The assumption of proportionality of hazards from the Cox models was checked. The hazard ratio for laboratory determinations was calculated by 10 or 100 measurement units change. The diagnostic test accuracy for hs-cTnT and NT-proBNP and mortality and death or mechanical ventilation is illustrated in table 1 of the supplementary data. Kaplan-Meier and Cox models took into account the delay between symptom onset and admission by the left-truncation approach. The c-statistic was calculated to analyze the discriminatory ability of the adjusted models. Hosmer-Lemeshow test taking into account right-censoring was computed to assess model calibration. Continuous, categorical (into 3 risk groups defined by tertiles) and clinical net reclassification indexes were computed to assess whether the inclusion of NT-proBNP in a model with hs-cTnT and confounders improved the classification of individual outcomes. P values <.05 were considered statistically significant. All tests were performed with R (3.5.3) (R: A language and environment for statistical computing; R Foundation for Statistical Computing, Vienna, Austria).14

This study was performed in accordance with the provisions of the Declaration of Helsinki, ISO 14155, and clinical practice guidelines. The study protocol was approved by the Institutional Ethics Committee and the research commission of our hospital. The need for written informed consent was waived in light of the urgent need to collect data and the infectious disease hazard.


The flowchart in figure 1 shows the patient recruitment process. Less than 6% of the 923 diagnosed COVID-19 patients had to be excluded from this study. Of the remaining 872 cases, 75% could be tested on admission for hs-cTnT and 58% for NT-proBNP. Among these patients, 34.6% and 36.2%, respectively, showed elevated levels of these biomarkers. Mortality or MV was higher in patients with hs-cTnT> 14 ng/L than in the remaining patients (39.1% vs 9.1%), as well as in patients with NT-proBNP> 300 pg/L than in the remaining patients (42.6% vs 6.8%) (table 1 of the supplementary data).

Baseline and demographic characteristics and laboratory findings

The baseline characteristics of the population are summarized in table 1 by admission levels of hs-TnT and NT-proBNP. Patients with cardiac injury as defined by hs-TnT levels, were significantly older, with higher prevalence rates of cardiovascular risk factors and a previous history of cardiovascular disease. Patients with cardiac injury as defined by baseline NT-proBNP levels had a similar clinical profile to the corresponding hs-cTnT-defined population.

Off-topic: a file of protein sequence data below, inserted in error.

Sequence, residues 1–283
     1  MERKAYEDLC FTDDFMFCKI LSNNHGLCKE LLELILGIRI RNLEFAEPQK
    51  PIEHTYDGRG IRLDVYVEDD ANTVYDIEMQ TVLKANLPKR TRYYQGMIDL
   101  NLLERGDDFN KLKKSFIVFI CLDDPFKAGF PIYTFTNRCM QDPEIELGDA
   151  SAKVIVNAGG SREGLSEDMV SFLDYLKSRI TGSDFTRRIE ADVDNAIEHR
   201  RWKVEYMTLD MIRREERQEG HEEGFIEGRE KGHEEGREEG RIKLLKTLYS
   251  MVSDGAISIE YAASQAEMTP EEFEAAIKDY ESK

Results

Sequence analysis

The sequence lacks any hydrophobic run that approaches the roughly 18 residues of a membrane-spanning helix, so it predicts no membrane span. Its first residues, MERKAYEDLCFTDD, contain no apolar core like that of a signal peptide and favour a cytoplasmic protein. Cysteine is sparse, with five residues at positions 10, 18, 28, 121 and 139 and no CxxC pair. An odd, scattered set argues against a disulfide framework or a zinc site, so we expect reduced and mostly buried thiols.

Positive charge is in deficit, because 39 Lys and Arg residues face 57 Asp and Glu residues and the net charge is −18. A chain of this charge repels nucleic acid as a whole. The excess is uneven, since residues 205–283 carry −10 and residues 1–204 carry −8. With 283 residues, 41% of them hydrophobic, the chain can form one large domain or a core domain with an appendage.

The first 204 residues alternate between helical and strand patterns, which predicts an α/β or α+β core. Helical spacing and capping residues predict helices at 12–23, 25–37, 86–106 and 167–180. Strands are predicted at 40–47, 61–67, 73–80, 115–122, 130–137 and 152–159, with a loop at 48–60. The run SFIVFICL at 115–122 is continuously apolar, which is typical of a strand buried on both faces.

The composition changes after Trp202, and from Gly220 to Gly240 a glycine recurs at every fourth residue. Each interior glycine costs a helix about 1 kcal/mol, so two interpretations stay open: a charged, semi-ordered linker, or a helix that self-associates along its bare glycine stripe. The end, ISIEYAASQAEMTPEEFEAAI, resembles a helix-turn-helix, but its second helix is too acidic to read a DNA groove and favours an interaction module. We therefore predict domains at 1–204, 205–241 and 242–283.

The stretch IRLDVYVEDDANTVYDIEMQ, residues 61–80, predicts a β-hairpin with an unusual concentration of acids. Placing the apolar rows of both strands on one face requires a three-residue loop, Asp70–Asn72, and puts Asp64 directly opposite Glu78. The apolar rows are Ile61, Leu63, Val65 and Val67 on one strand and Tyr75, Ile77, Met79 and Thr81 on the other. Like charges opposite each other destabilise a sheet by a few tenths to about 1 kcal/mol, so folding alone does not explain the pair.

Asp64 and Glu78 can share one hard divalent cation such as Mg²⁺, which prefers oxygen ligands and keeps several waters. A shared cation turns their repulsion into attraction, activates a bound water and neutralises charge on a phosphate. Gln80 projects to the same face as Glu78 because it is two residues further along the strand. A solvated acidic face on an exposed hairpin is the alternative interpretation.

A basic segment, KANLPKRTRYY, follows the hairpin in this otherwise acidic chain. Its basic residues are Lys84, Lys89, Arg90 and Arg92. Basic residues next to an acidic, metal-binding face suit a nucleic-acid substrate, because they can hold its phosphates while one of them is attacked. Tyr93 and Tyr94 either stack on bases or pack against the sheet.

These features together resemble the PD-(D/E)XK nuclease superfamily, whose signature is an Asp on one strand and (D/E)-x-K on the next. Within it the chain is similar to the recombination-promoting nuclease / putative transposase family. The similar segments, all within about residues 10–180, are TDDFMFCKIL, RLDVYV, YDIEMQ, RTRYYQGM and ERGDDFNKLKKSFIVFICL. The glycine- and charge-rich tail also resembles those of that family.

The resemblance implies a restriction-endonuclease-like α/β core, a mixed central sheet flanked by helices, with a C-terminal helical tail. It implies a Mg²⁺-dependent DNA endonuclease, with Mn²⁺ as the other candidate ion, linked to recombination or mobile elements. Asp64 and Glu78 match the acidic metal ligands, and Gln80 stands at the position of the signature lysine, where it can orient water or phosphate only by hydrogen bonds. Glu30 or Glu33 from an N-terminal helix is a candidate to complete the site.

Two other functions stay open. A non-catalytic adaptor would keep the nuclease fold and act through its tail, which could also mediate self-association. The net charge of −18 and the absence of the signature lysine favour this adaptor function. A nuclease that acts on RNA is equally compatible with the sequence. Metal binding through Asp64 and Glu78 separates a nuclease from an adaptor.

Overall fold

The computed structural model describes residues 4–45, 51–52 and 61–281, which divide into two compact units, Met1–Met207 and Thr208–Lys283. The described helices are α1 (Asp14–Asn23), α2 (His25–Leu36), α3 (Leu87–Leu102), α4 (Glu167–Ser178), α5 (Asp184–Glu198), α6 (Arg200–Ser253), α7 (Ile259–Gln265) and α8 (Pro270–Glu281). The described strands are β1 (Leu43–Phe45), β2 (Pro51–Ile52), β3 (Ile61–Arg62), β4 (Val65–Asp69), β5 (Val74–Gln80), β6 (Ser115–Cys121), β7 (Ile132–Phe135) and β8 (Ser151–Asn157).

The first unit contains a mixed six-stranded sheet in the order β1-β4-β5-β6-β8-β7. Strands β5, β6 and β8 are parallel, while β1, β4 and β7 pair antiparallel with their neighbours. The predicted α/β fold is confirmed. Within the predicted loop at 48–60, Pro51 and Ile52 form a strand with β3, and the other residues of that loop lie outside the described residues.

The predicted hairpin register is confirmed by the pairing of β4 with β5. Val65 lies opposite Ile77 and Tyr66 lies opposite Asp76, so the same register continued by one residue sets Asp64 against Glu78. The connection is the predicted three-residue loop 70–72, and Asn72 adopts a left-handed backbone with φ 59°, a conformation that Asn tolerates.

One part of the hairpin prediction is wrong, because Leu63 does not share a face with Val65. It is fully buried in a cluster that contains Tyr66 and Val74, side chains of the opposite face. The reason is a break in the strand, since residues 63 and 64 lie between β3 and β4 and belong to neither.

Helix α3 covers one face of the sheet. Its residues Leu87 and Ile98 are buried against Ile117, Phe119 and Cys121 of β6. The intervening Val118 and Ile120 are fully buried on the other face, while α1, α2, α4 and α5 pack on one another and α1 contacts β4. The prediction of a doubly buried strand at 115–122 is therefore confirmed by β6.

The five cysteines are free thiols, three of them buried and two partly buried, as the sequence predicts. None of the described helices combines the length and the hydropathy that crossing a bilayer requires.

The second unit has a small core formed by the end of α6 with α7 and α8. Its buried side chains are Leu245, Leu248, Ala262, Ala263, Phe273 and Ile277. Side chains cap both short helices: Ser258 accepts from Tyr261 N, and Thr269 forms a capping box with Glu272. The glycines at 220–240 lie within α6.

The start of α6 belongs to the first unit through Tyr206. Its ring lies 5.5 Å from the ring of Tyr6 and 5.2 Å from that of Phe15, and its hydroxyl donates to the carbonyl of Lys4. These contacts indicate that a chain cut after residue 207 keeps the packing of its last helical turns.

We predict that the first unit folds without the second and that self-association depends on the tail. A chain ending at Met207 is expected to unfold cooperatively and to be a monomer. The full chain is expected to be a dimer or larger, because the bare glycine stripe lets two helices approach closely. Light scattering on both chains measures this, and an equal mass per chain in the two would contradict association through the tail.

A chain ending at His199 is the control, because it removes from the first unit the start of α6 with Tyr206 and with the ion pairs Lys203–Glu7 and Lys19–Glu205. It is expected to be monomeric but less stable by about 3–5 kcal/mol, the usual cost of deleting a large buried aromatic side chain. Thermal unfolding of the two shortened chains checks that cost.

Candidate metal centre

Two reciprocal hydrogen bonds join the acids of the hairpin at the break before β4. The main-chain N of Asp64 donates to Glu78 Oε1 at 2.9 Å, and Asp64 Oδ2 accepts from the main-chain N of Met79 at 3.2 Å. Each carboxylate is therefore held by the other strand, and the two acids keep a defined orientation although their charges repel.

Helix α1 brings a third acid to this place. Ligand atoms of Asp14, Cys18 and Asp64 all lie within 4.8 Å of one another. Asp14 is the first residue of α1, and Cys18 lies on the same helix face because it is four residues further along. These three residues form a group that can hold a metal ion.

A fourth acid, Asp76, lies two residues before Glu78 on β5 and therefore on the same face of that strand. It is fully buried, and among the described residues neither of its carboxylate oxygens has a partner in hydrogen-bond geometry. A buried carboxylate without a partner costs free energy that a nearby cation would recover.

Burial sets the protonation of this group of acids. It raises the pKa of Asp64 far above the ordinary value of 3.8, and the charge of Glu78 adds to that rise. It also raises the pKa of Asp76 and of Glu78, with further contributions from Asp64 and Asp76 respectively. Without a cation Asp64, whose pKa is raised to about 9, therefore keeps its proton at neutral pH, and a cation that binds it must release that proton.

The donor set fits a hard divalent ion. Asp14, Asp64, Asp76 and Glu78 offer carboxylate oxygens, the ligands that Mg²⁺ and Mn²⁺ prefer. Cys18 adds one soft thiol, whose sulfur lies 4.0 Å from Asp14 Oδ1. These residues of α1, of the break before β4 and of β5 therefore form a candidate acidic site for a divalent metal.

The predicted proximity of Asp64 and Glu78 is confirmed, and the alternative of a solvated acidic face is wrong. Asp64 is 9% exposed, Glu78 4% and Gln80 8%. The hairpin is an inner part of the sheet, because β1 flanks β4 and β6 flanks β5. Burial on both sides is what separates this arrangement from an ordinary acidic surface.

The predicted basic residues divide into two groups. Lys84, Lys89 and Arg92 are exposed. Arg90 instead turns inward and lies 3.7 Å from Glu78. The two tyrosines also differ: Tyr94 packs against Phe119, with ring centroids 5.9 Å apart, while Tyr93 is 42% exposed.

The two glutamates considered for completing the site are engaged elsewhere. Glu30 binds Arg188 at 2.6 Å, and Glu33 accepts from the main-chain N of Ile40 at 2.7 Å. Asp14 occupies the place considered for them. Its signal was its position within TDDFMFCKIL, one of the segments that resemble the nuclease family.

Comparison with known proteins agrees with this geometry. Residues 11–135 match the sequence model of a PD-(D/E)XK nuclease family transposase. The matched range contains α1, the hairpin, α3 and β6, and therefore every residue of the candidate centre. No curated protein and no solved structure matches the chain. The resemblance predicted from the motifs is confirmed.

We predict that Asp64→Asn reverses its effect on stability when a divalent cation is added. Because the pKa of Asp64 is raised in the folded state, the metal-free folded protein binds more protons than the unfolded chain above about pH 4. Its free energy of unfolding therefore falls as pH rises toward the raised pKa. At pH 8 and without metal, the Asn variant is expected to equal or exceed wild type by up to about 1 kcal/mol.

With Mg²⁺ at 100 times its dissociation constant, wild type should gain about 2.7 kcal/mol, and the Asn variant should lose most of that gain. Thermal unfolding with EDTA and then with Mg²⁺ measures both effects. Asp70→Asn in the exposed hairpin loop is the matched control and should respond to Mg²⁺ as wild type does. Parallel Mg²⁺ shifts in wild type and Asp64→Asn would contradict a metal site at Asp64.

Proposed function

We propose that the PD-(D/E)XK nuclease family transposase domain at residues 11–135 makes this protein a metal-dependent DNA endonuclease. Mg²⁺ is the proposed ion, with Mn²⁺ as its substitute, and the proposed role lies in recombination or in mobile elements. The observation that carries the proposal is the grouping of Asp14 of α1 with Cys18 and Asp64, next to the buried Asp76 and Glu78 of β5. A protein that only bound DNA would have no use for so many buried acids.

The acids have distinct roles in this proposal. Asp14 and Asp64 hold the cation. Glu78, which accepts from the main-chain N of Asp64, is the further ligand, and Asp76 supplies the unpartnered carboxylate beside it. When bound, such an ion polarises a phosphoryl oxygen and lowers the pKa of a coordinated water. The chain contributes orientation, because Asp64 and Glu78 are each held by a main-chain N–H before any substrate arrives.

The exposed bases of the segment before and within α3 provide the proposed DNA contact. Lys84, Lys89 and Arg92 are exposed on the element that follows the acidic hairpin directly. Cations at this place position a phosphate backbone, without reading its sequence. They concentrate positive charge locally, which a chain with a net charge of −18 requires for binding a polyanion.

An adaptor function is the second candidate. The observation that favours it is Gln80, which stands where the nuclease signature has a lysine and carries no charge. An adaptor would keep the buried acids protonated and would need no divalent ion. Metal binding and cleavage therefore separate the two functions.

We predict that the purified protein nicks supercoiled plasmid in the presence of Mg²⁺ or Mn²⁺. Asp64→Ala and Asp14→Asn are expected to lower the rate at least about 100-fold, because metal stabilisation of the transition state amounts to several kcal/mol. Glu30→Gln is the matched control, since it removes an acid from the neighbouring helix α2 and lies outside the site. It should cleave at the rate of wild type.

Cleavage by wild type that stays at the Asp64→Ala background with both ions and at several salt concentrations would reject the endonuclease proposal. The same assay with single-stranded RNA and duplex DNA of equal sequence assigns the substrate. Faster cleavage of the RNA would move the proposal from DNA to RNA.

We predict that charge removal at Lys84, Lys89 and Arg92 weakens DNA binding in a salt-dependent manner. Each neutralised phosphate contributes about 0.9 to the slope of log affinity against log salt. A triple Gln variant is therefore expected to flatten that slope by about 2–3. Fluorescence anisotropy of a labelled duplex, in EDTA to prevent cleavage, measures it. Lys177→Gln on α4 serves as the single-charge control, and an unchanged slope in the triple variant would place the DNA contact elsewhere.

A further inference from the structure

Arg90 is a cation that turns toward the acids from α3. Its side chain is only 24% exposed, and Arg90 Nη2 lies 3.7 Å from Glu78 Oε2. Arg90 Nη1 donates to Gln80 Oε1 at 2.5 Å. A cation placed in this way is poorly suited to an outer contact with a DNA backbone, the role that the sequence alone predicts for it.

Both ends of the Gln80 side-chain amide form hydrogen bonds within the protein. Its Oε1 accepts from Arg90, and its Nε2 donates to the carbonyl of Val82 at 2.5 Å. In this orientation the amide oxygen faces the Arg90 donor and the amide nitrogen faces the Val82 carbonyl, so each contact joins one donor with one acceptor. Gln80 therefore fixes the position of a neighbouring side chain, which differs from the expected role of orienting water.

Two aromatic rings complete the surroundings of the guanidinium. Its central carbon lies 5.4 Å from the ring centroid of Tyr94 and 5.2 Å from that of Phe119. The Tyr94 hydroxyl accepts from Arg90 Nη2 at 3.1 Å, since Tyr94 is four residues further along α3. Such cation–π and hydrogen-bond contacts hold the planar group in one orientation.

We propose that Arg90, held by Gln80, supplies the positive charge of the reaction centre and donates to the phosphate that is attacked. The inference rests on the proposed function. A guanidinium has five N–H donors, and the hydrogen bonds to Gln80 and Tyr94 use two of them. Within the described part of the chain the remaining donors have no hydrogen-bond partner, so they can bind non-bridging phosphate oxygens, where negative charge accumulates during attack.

Table 1.

Clinical and laboratory characteristics at admission in all patients and by admission hs-cTnT> 14 ng/L and by NT-proBNP> 300 pg/L

  All (n=872)  TnT ≤ 14 (n=426)  TnT> 14 (n=225)  P  BNP ≤ 300 (n=323)  BNP ≤ 300 (n=183)  P 
Patients’ clinical characteristics
Age, y  62.3±18.1  56.1±15.0  78.3±10.3  <.001  56.9±15.8  76.8±11.4  <.001 
Female sex  386 (44.5)  200 (47.2)  91 (40.6)  .131  144 (44.9)  96 (52.7)  .108 
Muscle mass index, kg/m2  29.1±5.80  29.0±5.89  29.8±5.62  .193  29.4±6.02  29.8±6.16  .669 
Hypertension  383 (44.0)  135 (31.8)  168 (74.7)  <.001  114 (35.4)  135 (73.8)  <.001 
Dyslipidemia  281 (32.3)  111 (26.1)  105 (46.9)  <.001  102 (31.7)  72 (39.6)  .091 
Ever smoker  208 (24.5)  96 (23.0)  56 (25.6)  .526  78 (24.6)  44 (24.7)  1.000 
Diabetes mellitus  172 (19.8)  57 (13.4)  73 (32.4)  <.001  49 (15.3)  54 (29.5)  <.001 
Chronic kidney disease  75 (8.64)  7 (1.65)  48 (21.3)  <.001  8 (2.49)  40 (21.9)  <.001 
Chronic heart failure  41 (4.73)  4 (0.94)  27 (12.1)  <.001  4 (1.25)  22 (12.1)  <.001 
Coronary heart disease  59 (6.83)  11 (2.60)  34 (15.1)  <.001  11 (3.43)  25 (13.7)  <.001 
Atrial fibrillation  70 (8.06)  8 (1.88)  42 (18.8)  <.001  5 (1.55)  33 (18.0)  <.001 
COPD  66 (7.60)  18 (4.24)  27 (12.1)  < .001  13 (4.04)  26 (14.3)  <.001 
Cerebrovascular disease  50 (5.76)  8 (1.88)  29 (12.9)  <.001  17 (5.28)  15 (8.20)  .270 
Peripheral vascular disease  34 (3.95)  6 (1.43)  17 (7.66)  <.001  7 (2.20)  8 (4.42)  .262 
Cancer  110 (12.7)  40 (9.48)  47 (21.0)  <.001  32 (9.97)  36 (19.9)  .003 
Laboratory characteristics
Leukocytes, μL x 103  6.16 [4.86-8.21]  5.90 [4.82-7.86]  7.10 [5.15-9.45]  <.001  6.28 [4.83-7.83]  7.27 [5.21-10.0]  <.001 
Lymphocytes, μL x 103  1.08 [0.76-1.52]  1.17 [0.85-1.60]  0.83 [0.60-1.19]  <.001  1.17 [0.86-1.68]  0.83 [0.60-1.20]  <.001 
Hemoglobin, g/dL  13.5±1.72  13.8±1.51  12.8±1.92  <.001  13.8±1.48  12.7±1.94  <.001 
Prothrombin time, sec  11.0 [10.5-12.0]  10.9 [10.4-11.6]  11.3 [10.7-13.0]  .001  10.9 [10.5-11.6]  11.1 [10.7-13.0]  .014 
Glucose, mg/dL  111 [98.0-131]  109 [98.0-126]  120 [101-147]  <.001  109 [98.0-124]  120 [101-156]  <.001 
Urea, mg/dL  33.0 [24.0-47.0]  28.0 [21.0-35.0]  54.0 [39.0-77.0]  <.001  28.0 [22.0-36.5]  50.0 [34.0-77.0]  <.001 
Creatinine, mg/dL  0.91 [0.72-1.12]  0.82 [0.68-1.00]  1.15 [0.87-1.54]  <.001  0.82 [0.68-1.03]  1.06 [0.81-1.40]  <.001 
GF, mL/min/1.73 m2  82.6±31.0  92.8±26.7  62.6±30.8  <.001  92.5±27.4  65.5±32.8  <.001 
CPK, ng/mL  92.0 [56.0-170]  87.0 [55.0-143]  124 [55.5-234]  .003  95.0 [57.0-156]  104 [52.2-226]  .593 
CRP, mg/dL  6.40 [2.60-13.0]  5.50 [2.20-10.7]  10.7 [5.20-19.1]  <.001  5.90 [2.40-11.0]  10.7 [5.40-19.3]  <.001 
ALT, U/L  28.0 [19.0-44.0]  30.0 [21.0-46.0]  26.0 [16.8-44.2]  .020  30.0 [20.5-47.0]  26.0 [17.0-43.0]  .056 
AST, U/L  30.0 [22.0-45.5]  32.0 [23.0-45.5]  30.0 [21.0-47.0]  .532  31.0 [23.0-44.5]  30.0 [22.0-47.5]  .885 
Bilirubin, mg/dL  0.40 [0.30-0.60]  0.40 [0.30-0.60]  0.40 [0.30-0.60]  .075  0.40 [0.30-0.60]  0.40 [0.30-0.60]  .260